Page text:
I contacted her by twitter and learned she replied whilst out for dinner with her Bloomsbury tour managers and said she was indeed coming to NZ ( I later noticed that Scoop had in fact already published a press release on her upcoming visit ).

Below is a transcript of the interview conducted subsequently by phone when she was in Adelaide. She had just visited a Zoo and met a Koala. I followed this up with the video interview that you can see below also.

In both interviews I was seeking to explore what it means to become a literary superstar at such an early age, as well as examine Samantha's relationship with her character Paige, who was the same age as Samantha when she started writing the series.

I wanted to know how close she was to this character and how much her book comes from the inspiration of Harry Potter on the one hand, and from her personal experience and views on life on the other.

Paige is a clairvoyant "dream walker" who can project her consciousness into the dreamscapes of others. Is there a parallel of a kind between this and what happens when a novelist creates a dreamscape - alternative reality - that we as readers immerse ourselves in?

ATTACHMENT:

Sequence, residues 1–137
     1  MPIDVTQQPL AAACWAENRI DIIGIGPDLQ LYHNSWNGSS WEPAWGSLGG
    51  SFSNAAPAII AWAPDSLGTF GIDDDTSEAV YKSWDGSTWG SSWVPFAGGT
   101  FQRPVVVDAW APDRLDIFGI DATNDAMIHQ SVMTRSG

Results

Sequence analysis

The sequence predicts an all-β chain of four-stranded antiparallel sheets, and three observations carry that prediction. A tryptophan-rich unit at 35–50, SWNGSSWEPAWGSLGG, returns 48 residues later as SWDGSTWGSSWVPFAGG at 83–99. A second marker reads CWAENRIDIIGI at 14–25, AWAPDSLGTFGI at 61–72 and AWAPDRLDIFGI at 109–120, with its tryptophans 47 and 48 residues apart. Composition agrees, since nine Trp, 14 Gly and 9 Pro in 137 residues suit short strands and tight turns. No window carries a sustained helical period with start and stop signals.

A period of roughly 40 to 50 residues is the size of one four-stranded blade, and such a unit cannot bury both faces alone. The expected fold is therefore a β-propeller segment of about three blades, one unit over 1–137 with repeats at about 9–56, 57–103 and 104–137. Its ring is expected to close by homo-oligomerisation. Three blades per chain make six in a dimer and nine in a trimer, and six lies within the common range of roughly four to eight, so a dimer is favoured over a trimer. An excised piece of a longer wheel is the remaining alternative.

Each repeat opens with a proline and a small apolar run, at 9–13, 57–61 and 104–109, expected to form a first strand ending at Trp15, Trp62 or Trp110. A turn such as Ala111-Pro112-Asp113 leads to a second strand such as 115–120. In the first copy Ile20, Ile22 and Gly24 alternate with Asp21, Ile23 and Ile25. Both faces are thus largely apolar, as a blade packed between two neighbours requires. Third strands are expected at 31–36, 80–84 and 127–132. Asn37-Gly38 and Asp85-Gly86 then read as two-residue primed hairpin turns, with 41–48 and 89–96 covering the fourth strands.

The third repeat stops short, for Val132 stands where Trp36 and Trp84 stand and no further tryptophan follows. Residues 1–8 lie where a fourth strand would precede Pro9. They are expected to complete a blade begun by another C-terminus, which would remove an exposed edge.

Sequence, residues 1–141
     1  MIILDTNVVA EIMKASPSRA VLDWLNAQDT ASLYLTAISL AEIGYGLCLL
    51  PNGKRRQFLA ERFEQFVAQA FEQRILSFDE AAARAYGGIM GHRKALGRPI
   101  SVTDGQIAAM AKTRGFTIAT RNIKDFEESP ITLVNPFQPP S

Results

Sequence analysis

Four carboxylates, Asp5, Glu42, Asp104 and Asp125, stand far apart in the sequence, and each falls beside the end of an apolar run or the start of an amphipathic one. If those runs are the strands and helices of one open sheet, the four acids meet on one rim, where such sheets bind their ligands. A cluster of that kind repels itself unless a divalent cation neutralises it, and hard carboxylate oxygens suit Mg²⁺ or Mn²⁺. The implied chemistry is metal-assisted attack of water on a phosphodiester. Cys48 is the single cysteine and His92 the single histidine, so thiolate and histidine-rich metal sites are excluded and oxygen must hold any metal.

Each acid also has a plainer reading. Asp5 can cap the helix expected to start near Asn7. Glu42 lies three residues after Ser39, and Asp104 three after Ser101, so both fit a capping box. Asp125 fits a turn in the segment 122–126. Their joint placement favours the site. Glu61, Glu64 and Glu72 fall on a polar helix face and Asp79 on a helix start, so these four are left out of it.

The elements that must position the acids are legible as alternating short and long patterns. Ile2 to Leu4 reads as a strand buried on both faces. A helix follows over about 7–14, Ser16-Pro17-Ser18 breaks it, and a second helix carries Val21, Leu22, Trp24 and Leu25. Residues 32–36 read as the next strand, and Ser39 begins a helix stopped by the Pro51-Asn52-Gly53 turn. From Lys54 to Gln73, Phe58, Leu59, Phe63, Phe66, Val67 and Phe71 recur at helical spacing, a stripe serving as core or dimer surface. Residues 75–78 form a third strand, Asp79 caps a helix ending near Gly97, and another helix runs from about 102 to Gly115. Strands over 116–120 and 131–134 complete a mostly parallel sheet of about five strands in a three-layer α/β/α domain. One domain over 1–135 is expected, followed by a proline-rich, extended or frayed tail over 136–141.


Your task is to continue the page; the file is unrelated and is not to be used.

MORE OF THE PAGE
"Sort of" Samantha replied on reflecting on the idea.

Samantha Shannon Interview #2
at De-Brett's Hotel, High Street, Auckland Tuesday 19 November 2013

Samantha Shannon Interview #1
by phone Wellington to Adelaide Friday 11 November 2013


Transcript by Rosalea Barker

(After introductions)

Scoop:
Your book has also been compared with Hunger Games and with Northern Lights. And it struck me that there’s almost elements of Doctor Who and Twilight in there as well. There’s two scenes that are slightly Twilight-y.

Shannon: